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Why Obama picked Alan Krueger as next top White House economist

In a Rose Garden briefing, President Obama named Princeton University economist Alan Krueger as the next head of the White House Council of Economic Advisors.

President Obama announces that labor economist Alan Krueger (l.) will replace Austan Goolsbee (not shown) as the Chairman of the White House Council of Economic Advisers in the Rose Garden of the White House in Washington on Aug. 29.

Larry Downing/Reuters

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President Obama has chosen Princeton University economist Alan Krueger as the next head of the White House Council of Economic Advisers. Mr. Obama announced the appointment Monday in a Rose Garden appearance.

“Our great ongoing challenge as a nation remains how to get this economy growing faster ... Alan brings a wealth of experience to the job,” said the president.

Of course, there are many Democratic economists with credentials that would enable them to serve as the top White House economist. So why pick Dr. Krueger in particular?

For one thing, he’s well acquainted with many current administration officials. Krueger served as a Treasury Department economist until last fall, when he returned to Princeton.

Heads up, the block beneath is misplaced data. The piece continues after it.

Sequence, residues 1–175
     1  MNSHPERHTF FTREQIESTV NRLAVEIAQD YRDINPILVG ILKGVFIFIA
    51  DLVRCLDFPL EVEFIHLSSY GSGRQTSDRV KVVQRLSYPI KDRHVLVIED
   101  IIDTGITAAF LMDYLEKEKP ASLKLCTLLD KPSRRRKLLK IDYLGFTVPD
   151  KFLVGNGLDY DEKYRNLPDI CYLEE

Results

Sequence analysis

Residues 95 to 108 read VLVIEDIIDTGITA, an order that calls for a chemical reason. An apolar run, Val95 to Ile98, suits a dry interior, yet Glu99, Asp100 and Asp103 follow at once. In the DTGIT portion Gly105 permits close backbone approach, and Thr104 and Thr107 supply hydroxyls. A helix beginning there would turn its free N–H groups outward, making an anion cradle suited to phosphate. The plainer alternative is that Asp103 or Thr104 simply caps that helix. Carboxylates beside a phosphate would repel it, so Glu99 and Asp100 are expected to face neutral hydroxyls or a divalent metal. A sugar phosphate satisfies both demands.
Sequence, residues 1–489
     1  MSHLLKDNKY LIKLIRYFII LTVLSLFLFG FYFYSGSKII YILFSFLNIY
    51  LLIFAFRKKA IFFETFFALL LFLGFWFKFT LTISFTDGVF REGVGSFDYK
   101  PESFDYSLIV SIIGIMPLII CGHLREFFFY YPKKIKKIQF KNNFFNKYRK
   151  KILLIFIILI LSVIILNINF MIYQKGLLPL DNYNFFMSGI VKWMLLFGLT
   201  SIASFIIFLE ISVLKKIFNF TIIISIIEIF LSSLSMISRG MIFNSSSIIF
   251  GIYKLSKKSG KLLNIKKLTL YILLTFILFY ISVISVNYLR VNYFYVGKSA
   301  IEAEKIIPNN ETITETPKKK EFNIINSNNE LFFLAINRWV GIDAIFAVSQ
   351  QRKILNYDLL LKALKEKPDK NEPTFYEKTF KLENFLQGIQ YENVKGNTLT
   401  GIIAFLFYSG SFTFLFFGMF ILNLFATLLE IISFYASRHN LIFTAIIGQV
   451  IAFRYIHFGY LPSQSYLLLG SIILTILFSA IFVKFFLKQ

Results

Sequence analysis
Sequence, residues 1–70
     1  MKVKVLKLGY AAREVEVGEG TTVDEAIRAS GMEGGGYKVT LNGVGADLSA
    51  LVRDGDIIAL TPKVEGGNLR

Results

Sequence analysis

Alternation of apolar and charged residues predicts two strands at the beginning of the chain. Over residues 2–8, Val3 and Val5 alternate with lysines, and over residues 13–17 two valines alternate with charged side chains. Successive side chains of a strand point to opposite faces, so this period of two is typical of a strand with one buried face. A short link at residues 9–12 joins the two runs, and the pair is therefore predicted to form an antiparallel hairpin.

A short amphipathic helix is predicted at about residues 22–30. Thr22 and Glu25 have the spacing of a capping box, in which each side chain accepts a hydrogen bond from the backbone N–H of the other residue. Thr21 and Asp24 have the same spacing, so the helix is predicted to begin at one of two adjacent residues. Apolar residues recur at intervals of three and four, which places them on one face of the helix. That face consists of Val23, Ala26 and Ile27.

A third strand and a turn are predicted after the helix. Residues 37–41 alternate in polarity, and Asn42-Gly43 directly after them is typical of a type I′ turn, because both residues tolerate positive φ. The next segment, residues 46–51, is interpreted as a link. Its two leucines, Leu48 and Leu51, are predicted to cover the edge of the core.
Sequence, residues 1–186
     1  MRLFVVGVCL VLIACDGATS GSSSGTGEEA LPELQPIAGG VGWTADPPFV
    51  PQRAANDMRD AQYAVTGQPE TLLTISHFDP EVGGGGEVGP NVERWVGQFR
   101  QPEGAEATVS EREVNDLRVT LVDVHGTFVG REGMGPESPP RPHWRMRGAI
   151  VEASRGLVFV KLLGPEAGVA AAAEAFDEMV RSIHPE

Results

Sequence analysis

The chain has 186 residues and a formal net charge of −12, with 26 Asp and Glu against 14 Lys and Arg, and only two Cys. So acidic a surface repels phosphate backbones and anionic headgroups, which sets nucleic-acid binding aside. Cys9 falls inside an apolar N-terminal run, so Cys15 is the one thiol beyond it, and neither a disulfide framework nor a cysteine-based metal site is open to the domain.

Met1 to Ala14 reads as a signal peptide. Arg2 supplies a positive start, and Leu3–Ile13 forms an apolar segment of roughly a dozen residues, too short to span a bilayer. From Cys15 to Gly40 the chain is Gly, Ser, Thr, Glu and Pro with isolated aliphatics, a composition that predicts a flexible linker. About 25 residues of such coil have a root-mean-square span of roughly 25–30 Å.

But the bigger reason may be that Krueger is one of the nation’s top labor economists. He served as the Labor Department’s chief economist during the Clinton administration.

His academic work includes an investigation into whether raising the minimum wage depresses job growth (his conclusion: it doesn’t) and an analysis of why job growth wasn’t stronger in the early years of this century.

Jobs, and why the US does not have more of them, will be a central theme of the coming presidential campaign. The nation’s unemployment rate remains over 9 percent, and given the current rate of weak economic growth, it will be years until it drops to a level considered full employment by economists.


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